The March CMI should provide cautious expectations of consistent future growth. It was hoped that the February reading was the outlier, rather than a grim thesis for the rest of 2014, but a holding pattern due in part to the effects of a harsh winter is preferred to a decline, leaving room for some optimism about the economy in months to come.
Most of the factors comprising the March CMI stayed the same from the previous month, especially where the unfavorable factor index is concerned, with a few notable exceptions. Those looking for positive information are most likely to find it in categories like amount of credit extended.
“A rise in amount of credit extended is better news than it might seem, as it suggests some anticipation for better days ahead,” said NACM Economist Chris Kuehl. “That credit was being extended despite the drop in applications for credit is a good sign in general.”
That said, if there was in fact little movement in most CMI categories, what accounts for this? Kuehl again cited the unusually long and bitter winter, like so many others: “The CMI isn’t far from readings registered in other segments of the economy. The latest durable goods numbers, industrial production numbers and other measures have been flat as well. Ample evidence suggests that weather caused a great deal of disruption in almost every category. The transportation system was paralyzed several times, affecting everything from manufacturing to retail.”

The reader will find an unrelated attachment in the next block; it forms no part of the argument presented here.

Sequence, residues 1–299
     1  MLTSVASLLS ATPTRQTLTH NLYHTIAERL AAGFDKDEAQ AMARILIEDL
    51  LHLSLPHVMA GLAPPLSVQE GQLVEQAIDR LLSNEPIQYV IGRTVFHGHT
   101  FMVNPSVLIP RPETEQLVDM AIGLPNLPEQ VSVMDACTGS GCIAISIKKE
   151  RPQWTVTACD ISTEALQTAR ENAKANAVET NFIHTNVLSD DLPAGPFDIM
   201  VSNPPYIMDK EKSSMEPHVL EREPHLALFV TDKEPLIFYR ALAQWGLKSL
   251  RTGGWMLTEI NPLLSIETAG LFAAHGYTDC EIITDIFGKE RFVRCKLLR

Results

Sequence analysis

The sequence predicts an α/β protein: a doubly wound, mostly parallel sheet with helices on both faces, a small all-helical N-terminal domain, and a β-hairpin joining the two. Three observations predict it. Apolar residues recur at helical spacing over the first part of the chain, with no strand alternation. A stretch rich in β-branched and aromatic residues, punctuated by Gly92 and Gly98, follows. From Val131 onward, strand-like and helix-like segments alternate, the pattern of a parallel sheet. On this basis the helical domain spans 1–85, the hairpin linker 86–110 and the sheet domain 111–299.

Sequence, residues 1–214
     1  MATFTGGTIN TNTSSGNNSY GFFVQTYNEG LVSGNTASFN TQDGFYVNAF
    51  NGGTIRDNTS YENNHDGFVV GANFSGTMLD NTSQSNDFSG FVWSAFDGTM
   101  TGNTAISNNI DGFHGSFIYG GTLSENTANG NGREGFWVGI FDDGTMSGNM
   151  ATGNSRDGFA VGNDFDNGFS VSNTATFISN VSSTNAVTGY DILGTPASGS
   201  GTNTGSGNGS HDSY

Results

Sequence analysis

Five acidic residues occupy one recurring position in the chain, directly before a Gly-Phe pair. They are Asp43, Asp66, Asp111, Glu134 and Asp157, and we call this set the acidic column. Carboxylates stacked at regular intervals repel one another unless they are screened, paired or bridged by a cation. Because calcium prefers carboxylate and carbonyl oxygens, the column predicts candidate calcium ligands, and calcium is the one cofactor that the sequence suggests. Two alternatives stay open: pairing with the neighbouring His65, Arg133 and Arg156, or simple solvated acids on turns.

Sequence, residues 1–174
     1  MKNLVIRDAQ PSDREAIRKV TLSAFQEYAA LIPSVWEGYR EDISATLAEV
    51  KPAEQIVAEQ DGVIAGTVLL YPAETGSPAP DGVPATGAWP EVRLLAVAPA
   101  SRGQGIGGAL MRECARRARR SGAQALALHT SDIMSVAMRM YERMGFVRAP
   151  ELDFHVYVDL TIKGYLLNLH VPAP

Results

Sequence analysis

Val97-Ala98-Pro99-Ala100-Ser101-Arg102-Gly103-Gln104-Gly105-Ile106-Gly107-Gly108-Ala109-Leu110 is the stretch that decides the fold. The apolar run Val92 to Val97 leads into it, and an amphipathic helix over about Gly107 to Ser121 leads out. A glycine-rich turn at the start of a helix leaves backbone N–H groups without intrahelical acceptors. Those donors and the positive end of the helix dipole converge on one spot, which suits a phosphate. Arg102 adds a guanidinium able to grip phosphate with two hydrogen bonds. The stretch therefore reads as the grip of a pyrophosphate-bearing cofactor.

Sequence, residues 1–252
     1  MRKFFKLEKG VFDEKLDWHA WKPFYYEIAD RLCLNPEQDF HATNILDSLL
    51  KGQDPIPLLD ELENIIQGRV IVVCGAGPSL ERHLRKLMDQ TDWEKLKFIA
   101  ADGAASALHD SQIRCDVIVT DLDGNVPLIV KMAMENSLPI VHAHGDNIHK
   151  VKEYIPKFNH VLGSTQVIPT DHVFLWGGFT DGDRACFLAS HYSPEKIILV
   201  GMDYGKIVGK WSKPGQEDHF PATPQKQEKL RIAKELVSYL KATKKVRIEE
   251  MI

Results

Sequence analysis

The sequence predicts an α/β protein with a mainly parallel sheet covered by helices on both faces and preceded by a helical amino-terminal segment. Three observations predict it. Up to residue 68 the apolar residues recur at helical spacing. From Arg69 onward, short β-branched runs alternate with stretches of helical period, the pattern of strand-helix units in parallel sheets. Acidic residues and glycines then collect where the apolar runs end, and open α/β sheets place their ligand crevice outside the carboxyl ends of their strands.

In short, March feels like a holding pattern month, as the effects of an unpredictable winter fade. Kuehl said overall, even if the CMI flattened out at a fairly unimpressive level, there are reasons within the index's categories to believe the business community remains encouraged and optimistic about growth potential, but with a "bias toward caution."
For a full breakdown of the manufacturing and service sector data and visuals, view the latest complete report at http://web.nacm.org/CMI/PDF/CMIcurrent.pdf on Monday afternoon. CMI archives may also be viewed on NACM’s website at www.nacm.org/cmi/cmi.asp.